6 receive their full net earnings, while those not employed receive no benefits. Second, parents can take parental leave (Elternzeit). Employers must guarantee a parent's job for up to 3 years after birth. Couples are free to choose which partner uses the leave. As a third institution, child-rearing benefits (Erziehungsgeld) were government transfers paid to one parent prior to the reform. These benefits were means tested and paid a maximum of 300 Euro per month for up to 24 months (regular benefit version) or, alternatively, 450 Euro per month for 12 months (budget version); however, only a minority of parents (13 percent in 2006) used the budget version (RWI 2008). The eligibility criteria of the means test relate to the expected family income in years one and two after childbirth. 4 In principle, recipients of child-rearing benefits could work part-time, however, as labor earnings counted against the means test the benefit scheme created strong disincentives for labor force participation. Only "mini-jobs", i.e., subsidized marginal with earnings below 400 Euro per month, did not count against the means test. The parental leave benefit reform of 2006 changed this third institution leaving maternity leave, maternity benefits, and parental leave unaltered. Parents of children born on or after January 1, 2007 are entitled to "parents money" (Elterngeld) instead of child-rearing benefits (Erziehungsgeld). The new benefit generally amounts to two-thirds of average net earnings in the 12 months prior to the birth of the parent who does not work after birth. Parents employed part-time or in marginal (mini-job) after childbirth receive 300 Euro per month as a minimum and up to two-thirds of the realized decline in earnings. 4 Parents were eligible for full child-rearing benefits if their annual net income was below a threshold. If net income exceeded the threshold payouts were reduced. The thresholds differed for couples and single parents and varied with the number of children in the household. They also differed for benefits to be paid in months 1-6 vs In addition, the income concept on which eligibility is based differs for months 1-12 and 13-24, resulting in different eligibility rules for months 1-6, 7-12, and Benefit eligibility in months 1-12 (13-24) after the birth was based on the income of the father in the calendar year prior to (after) birth and the current income of the mother (see Textbox in Electronic Appendix for more details). 5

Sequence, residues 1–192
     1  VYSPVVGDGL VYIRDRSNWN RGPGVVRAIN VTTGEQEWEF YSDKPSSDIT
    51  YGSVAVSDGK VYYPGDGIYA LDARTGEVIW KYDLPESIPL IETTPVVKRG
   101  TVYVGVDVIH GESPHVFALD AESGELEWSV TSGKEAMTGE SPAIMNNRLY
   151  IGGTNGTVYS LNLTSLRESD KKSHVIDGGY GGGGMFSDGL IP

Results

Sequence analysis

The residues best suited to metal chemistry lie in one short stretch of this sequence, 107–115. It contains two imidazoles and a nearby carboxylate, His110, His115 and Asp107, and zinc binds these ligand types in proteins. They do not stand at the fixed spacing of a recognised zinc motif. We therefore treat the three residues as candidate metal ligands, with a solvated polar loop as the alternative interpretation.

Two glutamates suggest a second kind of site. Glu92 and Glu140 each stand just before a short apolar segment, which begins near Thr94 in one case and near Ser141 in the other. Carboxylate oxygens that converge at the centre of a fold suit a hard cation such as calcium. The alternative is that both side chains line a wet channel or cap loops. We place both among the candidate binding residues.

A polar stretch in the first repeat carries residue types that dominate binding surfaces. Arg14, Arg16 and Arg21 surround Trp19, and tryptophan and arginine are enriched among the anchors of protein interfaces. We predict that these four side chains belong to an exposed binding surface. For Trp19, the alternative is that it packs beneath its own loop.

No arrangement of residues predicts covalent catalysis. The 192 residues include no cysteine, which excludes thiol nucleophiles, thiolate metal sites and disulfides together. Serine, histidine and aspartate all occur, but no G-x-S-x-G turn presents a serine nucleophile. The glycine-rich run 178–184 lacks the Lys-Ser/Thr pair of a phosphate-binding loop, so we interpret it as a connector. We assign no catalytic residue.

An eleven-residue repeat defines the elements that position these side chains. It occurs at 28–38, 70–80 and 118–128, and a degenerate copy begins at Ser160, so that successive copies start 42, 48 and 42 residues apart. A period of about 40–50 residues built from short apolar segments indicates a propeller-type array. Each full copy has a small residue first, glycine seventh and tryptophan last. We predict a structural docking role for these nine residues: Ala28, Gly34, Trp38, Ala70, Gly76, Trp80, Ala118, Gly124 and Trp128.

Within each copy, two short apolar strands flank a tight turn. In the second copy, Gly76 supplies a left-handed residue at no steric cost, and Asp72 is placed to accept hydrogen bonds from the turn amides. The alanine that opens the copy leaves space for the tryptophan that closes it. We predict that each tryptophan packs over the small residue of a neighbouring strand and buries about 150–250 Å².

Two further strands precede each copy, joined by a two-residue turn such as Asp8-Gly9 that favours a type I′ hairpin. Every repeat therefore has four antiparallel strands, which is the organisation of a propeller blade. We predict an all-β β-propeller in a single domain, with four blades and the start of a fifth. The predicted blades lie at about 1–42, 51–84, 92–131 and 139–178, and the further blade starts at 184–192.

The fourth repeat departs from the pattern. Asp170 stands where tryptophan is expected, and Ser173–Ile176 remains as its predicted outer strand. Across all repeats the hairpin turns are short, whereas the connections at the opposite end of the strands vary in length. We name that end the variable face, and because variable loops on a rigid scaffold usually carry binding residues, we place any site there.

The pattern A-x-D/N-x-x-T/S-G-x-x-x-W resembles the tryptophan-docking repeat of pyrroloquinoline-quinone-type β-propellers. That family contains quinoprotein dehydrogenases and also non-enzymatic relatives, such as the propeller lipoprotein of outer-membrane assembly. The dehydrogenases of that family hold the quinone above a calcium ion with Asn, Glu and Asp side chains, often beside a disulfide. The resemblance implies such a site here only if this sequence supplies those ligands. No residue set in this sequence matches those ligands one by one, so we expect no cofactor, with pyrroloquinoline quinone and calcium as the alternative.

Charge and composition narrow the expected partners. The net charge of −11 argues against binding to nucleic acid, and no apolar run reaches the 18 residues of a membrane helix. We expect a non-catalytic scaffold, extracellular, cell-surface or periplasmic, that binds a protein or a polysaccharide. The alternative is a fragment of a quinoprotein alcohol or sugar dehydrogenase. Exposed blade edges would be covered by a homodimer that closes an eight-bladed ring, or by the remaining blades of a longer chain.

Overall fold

7 A minimum benefit of 300 Euros per month is provided also to those not previously employed. The maximum benefit amounts to 1,800 Euro per month. One parent can receive the benefit for up to 12 months, with a second parent eligible for an additional two months of benefits. Couples are free to split the available 14 months of benefits between themselves. Single parents can receive the benefit for 14 months. 5 The new benefit is more generous than the prior means tested benefit in terms of transfer amounts. However, the new benefit is less generous in terms of its payout period of months, instead of up to 24 months before. 6 Before the reform, part-time during benefit receipt was considered in the means test. The reform abolished the means test and thus strengthened work incentives. 7 In this setting, child care is another relevant institution. While child care has been widely available for children aged between three and six, care for children under three was lacking in West Germany: in 2006, less than eight percent of children under three attended public child care in West, compared to nearly fifty percent in East Germany. In response, political agreements of 2005, 2007, and 2008 called for an increase in child care provision to guarantee availability by 2013 (for details see Bauernschuster et al. 2016). Consequently, child care availability for children under three increased over time, from coverage rates of 13.6 in 2006 to 27.6 percent in 2012, with substantial regional variation (BMFSFJ 2015). 2.2 Expected Labor Supply Responses to the Reform 5 It is possible to double the eligibility duration of the new parental leave benefit if the monthly benefit is cut in half; only about ten percent of recipients use this option (STBA 2013). 6 As of 2006, about 77 percent of families received child-rearing benefits for one year and 53 percent for two years (RWI 2007). After the reform, almost 100 percent of all families received parents' money (STBA 2008); thus the share of beneficiaries in year one after a birth increased by about 23 percentage points while all prior year two recipients lost their benefits. A substantial share of prior recipients of only year one benefits may have benefitted from increased amounts: only 25 percent of fathers and about 50 percent mothers received the post reform minimum of 300 Euro parents' money. All others received higher amounts (STBA 2008). 7 One might be concerned about general equilibrium labor supply effects of the reform. However, overall fertility in Germany is very low and only a small number of families was affected by the reform. Considering the time that equilibrium effects might take to materialize we do not expect such effects to bias our estimation results. 6